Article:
Liked by 1 person

    1. Thanks, Lisa. I’m glad no one is saying they feel infantilized when they read here. It’s true that I am never as snippy with anyone here as I was in some of those comments!


  3. “…how willfully people will not hear you — or in this case, not read…” Or take a snippet and twist it so grotesquely from its intent, that then gets hopped on that the latest argument gets so far removed from the original post as to be laughable were it not so tragic.
    Yeah, that was a hard lesson I learned early on in chat rooms and Twitter. You were just reminded why the adage “avoid the comments section” exists.

    No, you absolutely are not infantilizing in your posts. You write for for adults. clearly, some of the readers in that comment section were not, despite their age. I’m glad you feel you were treated mildly all things considered.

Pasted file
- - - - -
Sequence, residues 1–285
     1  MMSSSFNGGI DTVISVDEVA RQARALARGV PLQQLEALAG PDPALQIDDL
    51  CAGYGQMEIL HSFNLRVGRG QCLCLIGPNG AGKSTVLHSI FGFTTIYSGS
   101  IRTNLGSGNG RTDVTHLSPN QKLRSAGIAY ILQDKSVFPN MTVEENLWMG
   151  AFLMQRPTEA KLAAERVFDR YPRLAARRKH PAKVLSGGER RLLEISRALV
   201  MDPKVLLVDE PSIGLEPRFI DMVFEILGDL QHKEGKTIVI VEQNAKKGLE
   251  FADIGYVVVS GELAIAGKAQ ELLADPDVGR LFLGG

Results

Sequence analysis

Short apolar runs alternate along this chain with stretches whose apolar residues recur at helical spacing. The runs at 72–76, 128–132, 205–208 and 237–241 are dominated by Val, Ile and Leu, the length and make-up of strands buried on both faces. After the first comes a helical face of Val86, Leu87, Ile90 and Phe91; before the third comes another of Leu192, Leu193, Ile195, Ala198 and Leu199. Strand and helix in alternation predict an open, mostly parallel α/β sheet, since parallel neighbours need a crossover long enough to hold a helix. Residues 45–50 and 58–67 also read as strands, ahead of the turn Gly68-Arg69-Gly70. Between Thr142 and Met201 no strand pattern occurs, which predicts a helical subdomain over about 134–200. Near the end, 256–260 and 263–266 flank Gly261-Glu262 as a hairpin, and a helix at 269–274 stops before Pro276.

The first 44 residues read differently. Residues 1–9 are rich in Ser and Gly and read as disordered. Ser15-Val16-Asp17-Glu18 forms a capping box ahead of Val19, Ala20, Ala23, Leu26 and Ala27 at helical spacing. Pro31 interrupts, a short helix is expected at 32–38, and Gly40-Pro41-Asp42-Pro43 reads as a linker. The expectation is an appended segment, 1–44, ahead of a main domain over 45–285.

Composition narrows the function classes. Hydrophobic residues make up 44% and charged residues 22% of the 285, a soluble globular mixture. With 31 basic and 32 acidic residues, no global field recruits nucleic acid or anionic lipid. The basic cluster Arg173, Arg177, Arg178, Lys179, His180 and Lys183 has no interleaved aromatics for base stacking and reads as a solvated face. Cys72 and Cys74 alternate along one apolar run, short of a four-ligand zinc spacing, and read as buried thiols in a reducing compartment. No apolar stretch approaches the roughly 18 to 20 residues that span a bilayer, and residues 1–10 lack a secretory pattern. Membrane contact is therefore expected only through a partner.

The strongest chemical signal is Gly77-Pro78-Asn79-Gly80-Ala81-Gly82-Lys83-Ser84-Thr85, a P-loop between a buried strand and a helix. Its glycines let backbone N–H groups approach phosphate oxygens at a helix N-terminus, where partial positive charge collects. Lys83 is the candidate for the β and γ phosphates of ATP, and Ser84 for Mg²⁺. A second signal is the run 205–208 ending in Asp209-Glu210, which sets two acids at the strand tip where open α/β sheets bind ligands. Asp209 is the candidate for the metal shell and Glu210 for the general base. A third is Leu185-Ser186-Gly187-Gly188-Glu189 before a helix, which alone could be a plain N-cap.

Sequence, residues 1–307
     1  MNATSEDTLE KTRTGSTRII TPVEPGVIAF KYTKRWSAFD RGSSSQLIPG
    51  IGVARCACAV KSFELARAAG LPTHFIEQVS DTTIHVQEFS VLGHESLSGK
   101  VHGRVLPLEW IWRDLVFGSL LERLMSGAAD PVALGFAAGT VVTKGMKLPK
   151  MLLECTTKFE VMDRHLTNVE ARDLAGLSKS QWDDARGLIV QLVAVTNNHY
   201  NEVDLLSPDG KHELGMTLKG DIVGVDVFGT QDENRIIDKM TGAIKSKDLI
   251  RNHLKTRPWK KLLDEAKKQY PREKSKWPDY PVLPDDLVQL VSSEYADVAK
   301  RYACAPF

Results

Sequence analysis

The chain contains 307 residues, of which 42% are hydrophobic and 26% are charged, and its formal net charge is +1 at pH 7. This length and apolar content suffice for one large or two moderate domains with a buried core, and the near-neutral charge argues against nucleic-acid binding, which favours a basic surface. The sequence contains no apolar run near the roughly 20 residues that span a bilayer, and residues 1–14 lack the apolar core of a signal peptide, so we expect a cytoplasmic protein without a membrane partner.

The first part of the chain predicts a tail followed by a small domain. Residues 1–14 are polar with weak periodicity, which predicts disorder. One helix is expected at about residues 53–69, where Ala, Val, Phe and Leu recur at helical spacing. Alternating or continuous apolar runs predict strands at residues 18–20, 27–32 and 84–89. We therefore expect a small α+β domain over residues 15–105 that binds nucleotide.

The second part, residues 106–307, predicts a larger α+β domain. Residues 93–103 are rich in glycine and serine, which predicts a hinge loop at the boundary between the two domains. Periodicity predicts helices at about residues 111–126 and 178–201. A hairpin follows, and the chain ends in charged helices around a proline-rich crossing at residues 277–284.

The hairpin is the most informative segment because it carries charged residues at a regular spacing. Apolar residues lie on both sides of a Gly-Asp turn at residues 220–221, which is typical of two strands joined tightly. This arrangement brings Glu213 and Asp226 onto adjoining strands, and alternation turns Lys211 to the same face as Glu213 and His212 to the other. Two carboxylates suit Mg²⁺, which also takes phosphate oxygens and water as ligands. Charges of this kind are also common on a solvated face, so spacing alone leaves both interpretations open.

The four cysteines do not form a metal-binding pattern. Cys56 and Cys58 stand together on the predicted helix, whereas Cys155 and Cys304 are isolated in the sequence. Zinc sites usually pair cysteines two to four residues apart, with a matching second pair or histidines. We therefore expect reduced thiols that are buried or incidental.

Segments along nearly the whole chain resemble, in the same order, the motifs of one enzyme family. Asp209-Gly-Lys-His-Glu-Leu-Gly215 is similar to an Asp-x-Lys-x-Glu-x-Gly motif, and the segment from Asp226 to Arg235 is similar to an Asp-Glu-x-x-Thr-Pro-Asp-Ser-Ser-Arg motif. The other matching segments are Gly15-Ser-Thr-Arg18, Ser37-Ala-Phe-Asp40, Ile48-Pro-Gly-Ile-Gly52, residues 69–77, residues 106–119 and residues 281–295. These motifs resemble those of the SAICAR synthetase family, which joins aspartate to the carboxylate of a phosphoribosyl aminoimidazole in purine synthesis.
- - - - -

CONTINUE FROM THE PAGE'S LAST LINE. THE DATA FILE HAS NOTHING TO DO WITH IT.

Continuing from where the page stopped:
4. Feel infantilized by your blog? Never. Why is it that people feel they can judge and attack someone on social media. Is it because they feel the anonymity gives their mouth, or fingers, free reign? Everyone is entitled to their opinions. Agree of disagree, but be respectful at all times.


    1. Thank you. The anonymity of the comments section is powerful, gives folks freedoms they would surely not take face to face. I like your rule: “Agree or disagree, but be respectful at all times.” It would serve us all so well.


  5. Lainie Levin

    I’m just going to say this. I’m glad and grateful for your posts here. I’m glad and grateful to read what you have to say, even (especially!) when you are sharing difficult truths.

    So please keep on writing, because I’m here to keep reading. =))


    1. Thanks, Lainie. When I got that comment on the NPR post, I wouldn’t have thought I’d need the reassurance you’re all giving me, but I really did. The last thing I’d want to do would be to insult my readers!

      Liked by 1 person